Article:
Morocco. According to
Countryaah reports, the government's hunt for militant Islamists
continued. In February, security forces were reported to
have split a terrorist group and arrested its leaders and 31
other members. According to the government, the group had
links to both the militant Islamist group al-Qaeda in
Afghanistan and the Shiite Hizbullah guerrilla in Lebanon.
In May, police were said to have split a similar group of
eleven members, among them several Moroccans living in
A number of people were sentenced during the year to
shorter or longer prison sentences for involvement in
militant Islamist activities.
African refugees told Spanish press in May that 29
refugees drowned on April 28 when Moroccan flutists had
pierced their inflatables off M's coast. 70 refugees ended
up in the water, but 40 were rescued by another ship. Among
the dead, there were reportedly four children. Most of the
refugees came from Nigeria and Mali. The Moroccan fleet did
not comment on the information.
In February 1998, King Hassan appointed USFP leader
Abderrahmane El Youssoufi as prime minister and in March he
appointed the new government. In March 1999 and after
several postponements, the government once again requested
the UN to postpone the planned referendum in December. The
Moroccan authorities proposed March 2000 as a new date.
However, after studying the situation and discrepancies
between the government and Polisario in Western Sahara, the
UN Secretary-General decided to postpone the vote to an
undetermined date by 2002. The date had originally been set
for 1991, but was postponed each time.
The death of Hassan II in June 1999 and his son Mohammed
VI's takeover of the throne led to major political changes
in the country. The first act of the new king was the pardon
of some 800 political prisoners. In a televised speech in
August, the king pledged to fight social inequality,
domestic violence, unemployment and rural escape. Polisario
welcomed the King's first political action and, in
particular, the decision to accelerate the referendum on the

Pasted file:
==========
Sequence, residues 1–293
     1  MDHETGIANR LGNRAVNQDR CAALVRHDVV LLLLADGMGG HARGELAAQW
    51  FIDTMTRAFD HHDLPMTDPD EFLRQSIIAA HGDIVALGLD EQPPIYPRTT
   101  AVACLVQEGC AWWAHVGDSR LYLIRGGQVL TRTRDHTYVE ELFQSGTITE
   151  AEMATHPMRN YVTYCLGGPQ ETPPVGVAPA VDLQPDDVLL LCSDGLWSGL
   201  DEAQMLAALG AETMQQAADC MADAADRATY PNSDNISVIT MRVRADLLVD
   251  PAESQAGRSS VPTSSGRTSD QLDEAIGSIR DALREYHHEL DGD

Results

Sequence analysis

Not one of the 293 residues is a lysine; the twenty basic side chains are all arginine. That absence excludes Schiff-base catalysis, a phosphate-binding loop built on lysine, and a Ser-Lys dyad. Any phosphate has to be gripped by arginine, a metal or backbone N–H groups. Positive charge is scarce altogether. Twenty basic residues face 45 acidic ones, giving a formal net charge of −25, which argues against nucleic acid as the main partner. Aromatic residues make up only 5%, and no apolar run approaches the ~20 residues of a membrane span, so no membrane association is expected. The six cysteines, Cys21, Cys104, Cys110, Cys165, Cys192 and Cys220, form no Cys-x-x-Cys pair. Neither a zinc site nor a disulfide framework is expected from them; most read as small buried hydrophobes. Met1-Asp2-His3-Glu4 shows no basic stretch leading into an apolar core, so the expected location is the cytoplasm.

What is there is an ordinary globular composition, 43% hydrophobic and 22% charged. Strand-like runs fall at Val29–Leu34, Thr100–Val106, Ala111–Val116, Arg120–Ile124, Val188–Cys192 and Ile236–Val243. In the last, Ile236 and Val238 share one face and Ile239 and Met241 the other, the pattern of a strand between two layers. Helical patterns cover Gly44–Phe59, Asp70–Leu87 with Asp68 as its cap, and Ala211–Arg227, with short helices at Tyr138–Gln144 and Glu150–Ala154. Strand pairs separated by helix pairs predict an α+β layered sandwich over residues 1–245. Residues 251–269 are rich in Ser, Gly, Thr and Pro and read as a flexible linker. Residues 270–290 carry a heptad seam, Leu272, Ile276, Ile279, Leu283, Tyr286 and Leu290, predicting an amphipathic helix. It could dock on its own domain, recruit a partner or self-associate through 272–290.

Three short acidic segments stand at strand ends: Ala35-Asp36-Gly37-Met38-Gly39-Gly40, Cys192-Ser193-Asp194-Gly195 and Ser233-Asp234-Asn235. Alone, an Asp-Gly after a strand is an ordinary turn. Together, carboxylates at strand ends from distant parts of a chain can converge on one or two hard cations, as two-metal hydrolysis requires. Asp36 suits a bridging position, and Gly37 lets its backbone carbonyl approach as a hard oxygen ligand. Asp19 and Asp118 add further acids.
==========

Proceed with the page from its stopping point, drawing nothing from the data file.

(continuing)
future of Western Sahara. In November, Mohammed VI made
proposals for a kind of autonomy in the occupied territory.
In the same month, he deposed Interior Minister Driss
Basri, who had kept his post for almost 20 years through
changing governments. During the celebrations of Ramadan in
January 2000, the king announced the release of another
2,000 political prisoners. In March, government proposals
for greater rights to women triggered both support and
counter-demonstrations. With the bill, polygamy would be
banned, the marriage age of women would be increased from 14
to 18, the woman would be granted half the values of a
divorce, and this should be monitored by a judge, and not
today, solely for the man's good fortune.
In August, the king announced the discovery of large gas
and oil deposits at the country's eastern border. Some
independent media estimates there could be 20,000 million
barrels of oil.
Acc. a report from the moroccan prison system published
in May 2001 is the country's prison system characterized by
corruption, violence, illness and child abuse, many of whom
are under the age of 12. At the same time, the 44 prisons
are notoriously overpopulated and the sanitary conditions
lead the idea of past historical periods. They house
80,000 prisoners, but are only built for half. Acc. The
report is the only food the inmates get the food their
families bring after first having to bribe the prison staff.
The terrorist attack in New York on September 11, 2001,
worsened relations with Spain. Madrid tightened control in
Ceuta and Melilla and at the same time demanded that Morocco
do more to limit the flow of illegal refugees to Spain. Just
days before Mohamed VI was to begin his official visit to
Western Sahara, Morocco on October 27 called its ambassador
to Spain home for consultations and canceled a mutual summit
scheduled for December.
Tourism dropped dramatically after September 11 -
especially the flow of tourists from the United States.
Therefore, in January 2002, Fez authorities and influential
people gathered a delegation who traveled to New York in
April to inform the North American public that it would be
warmly welcomed in Morocco.
Mohamed VI broke the tradition when he published the news
of his wedding and the name of the chosen one: Alma Bennan -
a 24-year-old engineer. Acc. observers were the wedding sign
of modernizing the country, and it is expected that the
king's wife will provide the country's women with a more
prominent role in public life.